7/7 bombings - at the mortuary as families came to view their loved ones, at the Family Centre as people came in looking for information and Russell Square Tube Station as various teams searched and recovered people from the wreckage and train station. I was also very privileged to attend a funeral for a young man who came from my area. A few months later I was also Chaplain to the survivors (served teas and coffees etc and was available if anyone wanted assistance) who came to the inquest and enquiry held at The City Hall, London.
So today it is good to 'stop' for a few minutes and remember those who lost their lives, their families and friends and also those who survived and now have to live with their injuries and memories.
This morning I attended The Creekmouth Preservation Society - the photo shows two of the members (Charlie and Iris). The Society is endeavouring to keep alive the memories of a village that once stood at Creekmouth but which was destroyed in the 1953 floods. The Society (other than me) is currently made up of members who either lived in the village as children or had a relative who lived there.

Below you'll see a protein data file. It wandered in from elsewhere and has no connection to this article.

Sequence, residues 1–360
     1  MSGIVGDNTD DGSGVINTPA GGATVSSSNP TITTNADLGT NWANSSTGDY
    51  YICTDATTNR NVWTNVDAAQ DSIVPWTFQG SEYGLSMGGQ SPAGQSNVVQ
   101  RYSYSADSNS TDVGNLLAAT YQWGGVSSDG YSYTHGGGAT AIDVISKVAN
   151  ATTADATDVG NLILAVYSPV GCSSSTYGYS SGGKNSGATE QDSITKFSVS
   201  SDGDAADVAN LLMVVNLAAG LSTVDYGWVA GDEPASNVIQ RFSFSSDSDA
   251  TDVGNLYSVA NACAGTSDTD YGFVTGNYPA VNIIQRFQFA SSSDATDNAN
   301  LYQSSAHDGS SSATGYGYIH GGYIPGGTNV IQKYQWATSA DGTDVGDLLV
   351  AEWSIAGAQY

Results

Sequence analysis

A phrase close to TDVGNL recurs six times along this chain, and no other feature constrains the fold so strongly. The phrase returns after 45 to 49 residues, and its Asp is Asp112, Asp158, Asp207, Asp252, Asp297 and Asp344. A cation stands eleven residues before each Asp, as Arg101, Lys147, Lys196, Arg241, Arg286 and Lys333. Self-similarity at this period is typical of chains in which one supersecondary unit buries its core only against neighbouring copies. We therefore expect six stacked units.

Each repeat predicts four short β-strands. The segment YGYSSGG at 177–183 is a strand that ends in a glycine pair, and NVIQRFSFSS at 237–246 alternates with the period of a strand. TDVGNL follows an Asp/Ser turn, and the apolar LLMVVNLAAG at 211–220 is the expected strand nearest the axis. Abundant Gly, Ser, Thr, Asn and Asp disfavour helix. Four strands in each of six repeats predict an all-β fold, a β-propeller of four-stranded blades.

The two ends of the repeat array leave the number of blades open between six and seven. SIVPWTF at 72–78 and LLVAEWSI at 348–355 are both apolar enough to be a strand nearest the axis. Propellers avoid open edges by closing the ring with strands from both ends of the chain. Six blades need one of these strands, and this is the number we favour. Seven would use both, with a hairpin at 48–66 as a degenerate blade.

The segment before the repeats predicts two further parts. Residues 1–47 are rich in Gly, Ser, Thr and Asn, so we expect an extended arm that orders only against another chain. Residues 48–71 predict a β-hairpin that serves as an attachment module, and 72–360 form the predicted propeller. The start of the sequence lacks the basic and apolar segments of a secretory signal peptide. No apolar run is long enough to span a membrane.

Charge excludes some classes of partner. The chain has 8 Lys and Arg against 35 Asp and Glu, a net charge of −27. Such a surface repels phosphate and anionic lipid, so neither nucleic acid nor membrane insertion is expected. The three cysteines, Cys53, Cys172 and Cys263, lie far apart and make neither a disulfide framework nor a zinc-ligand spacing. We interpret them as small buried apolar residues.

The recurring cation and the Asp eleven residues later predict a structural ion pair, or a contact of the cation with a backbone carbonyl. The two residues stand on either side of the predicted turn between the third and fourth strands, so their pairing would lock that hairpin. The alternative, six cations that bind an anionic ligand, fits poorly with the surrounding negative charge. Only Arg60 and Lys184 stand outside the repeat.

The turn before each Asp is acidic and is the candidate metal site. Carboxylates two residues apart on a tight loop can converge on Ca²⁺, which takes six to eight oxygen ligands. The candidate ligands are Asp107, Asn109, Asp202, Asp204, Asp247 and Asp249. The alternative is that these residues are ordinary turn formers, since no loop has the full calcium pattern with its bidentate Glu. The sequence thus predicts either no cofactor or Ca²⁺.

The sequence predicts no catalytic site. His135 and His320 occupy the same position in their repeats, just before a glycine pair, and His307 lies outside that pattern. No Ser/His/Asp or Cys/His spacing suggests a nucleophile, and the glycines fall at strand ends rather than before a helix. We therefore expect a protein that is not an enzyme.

This is the first meeting I have attended for long time but I am interested in local history, the industries, how people lived, worked and died in such areas.. Also it is fascinating to listen to people's memories -take Charlie for example - he can remember as a young boy sitting on the wall along the River Thames at Creekmouth and watching London being bombed during the 2nd WW.
Today is the Commissioning and Ordination of New Salvation Army Officers and my mind ventures back to my own Commissioning and Ordination (alongside Nigel) in May, 1985 and all that has taken place since then to now - 27 years later...
Lisburn, Northern 1985-90
Jessore, Bangladesh 1990-93
Chalk Farm, London 1993-95
Paignton, Devon 1995-1998
Accra, Ghana 1998-2001
Leigh on Sea, Essex 2001-2004
Barking, Essex 2004 - and we are still here :))
To look backward for a while is to refresh the eye, to restore it, and to render
it the more fit for its prime function of looking forward. ~Margaret Fairless
Barber, The Roadmender